2019
05.31

As a budding amateur photographer, I always keep abreast on what is happening in the digital arena. I have recently purchased a Canon 5D MKII after much research. The reason for my purchase was to add something extra to my photography – higher resolution (21.1MP) as well as a better image sensor and full HD video capture.

I have been extremely impressed with the camera so far, after only a couple of weeks of use. However, I have been more impressed with some of the work produced by other companies using the 5D MkII.

The last episode of House aired on 17th May and was shot entirely on a Canon 5D MKII. The House director Greg Yaitanes was available after the programme to answer any questions viewers may have had by using twitter. One of the questions asked was “how was the quality compared to the cameras traditionally used?”. Gregs’ response to this was “I loved it and feel it’s the future – cameras that can give you these looks”.

Greg also used the entire range of Canon Prime lenses as well as Canon 24-70mm and Canon 70-200mm zoom lenses. The effects are amazing. By combining the use of such a competent camera, twinned with Canon prime lenses, the style of imagery created is simply stunning. The subtleties, the use of depth of field, the clarity and colour help make this episode a visual treat.

The outcome was as engaging as any other House episode. I don’t think this will be last time we’ll see a Canon DSLR camera being used in the same way for TV film production or for movies. You may even see a film from me in the future – if I ever find the time!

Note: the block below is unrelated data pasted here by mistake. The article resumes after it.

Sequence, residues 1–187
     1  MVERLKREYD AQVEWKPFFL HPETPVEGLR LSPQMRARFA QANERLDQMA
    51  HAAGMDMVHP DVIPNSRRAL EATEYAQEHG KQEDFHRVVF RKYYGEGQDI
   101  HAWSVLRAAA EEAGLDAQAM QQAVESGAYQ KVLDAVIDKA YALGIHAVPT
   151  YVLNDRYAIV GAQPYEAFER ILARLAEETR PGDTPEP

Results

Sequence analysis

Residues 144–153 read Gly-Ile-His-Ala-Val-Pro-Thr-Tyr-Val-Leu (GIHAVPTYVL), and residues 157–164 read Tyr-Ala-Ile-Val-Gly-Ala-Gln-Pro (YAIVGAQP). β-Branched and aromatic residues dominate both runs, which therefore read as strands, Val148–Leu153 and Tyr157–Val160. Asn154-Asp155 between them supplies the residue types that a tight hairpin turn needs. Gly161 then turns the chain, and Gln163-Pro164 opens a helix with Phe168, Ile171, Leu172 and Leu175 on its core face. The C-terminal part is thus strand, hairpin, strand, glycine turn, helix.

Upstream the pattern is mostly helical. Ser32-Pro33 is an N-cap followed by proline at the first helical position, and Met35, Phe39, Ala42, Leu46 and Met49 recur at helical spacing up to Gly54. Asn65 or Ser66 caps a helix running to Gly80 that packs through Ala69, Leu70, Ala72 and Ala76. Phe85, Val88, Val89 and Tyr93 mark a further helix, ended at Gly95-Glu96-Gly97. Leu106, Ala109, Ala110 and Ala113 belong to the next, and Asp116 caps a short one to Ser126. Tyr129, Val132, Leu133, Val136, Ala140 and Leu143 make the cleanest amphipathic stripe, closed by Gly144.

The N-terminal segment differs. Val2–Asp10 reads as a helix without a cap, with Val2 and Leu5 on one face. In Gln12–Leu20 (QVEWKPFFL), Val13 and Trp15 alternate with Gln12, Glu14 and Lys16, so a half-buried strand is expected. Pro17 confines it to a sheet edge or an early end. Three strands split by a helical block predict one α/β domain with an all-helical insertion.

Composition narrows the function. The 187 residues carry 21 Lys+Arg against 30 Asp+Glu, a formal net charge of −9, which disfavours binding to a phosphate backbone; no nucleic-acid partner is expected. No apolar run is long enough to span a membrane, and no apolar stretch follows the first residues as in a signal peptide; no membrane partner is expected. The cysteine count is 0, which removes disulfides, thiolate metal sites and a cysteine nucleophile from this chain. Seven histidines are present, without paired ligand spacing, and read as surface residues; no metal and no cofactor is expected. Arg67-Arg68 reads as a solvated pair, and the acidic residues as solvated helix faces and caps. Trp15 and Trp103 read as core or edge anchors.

Article written by Paul Mabin

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2019
05.18

Old news but still fun… Barcodes or UPC symbols are icons of our consumer civilisation have received a radical makeover by a Japanese firm D-Barcode in 2008. Their ideas ended up on grocery products all over Japan. Now, you might not notice anything new when picking up an item in your local 7/11 or Cirlce K Sunkus, but on closer inspection the charmingly designed UPC masterpieces will amuse you, make you smile, and might even cause you to go hunting for other products, to start your collection – such is the Japanese way. Trust the Japanese to glorify every single mundane detail, to cheerfully enhance consumer experience – by adding a little something extra, something so easy to miss. I first fell in love with Japanese packaging, and their cheeky secrets when I discovered the odd-one-out from the marching penguins on Lotte Cool Mint Gum packaging designed by a hero of contemporary Japanese design, Taku Satoh.
I also recently found a Sloth hanging off a washing line on a packet of Japanese ‘Spash’ Gum…
I kid you not.

Sources: darkroastedblend.

(Opinion: Jon Price ? Designer)

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2019
05.05

Kenichi Tanaka made this thesis piece to show his countrymen that things that take place in Japan, ?isn?t that normal? to westerners. So the tale was told from a foreigner?s viewpoint rather than a Japanese?s, but he begs ?please don?t call me racist, because I am one of the short, small eyes Japanese ;P?. This is a smart and insightful piece because of the cultural self-awareness of its maker. Definitely a significant contribution to the world of visual essays. The original Japanese version can be seen here on Vimeo. As infographic animation goes, this is up there for simplicity, humor and captivation of interest. There is certainly a lot missing from my experience but in fairness, a full insight would have a running time of hours not minutes.
Great work.
(Opinion: Jon Price ? Designer)
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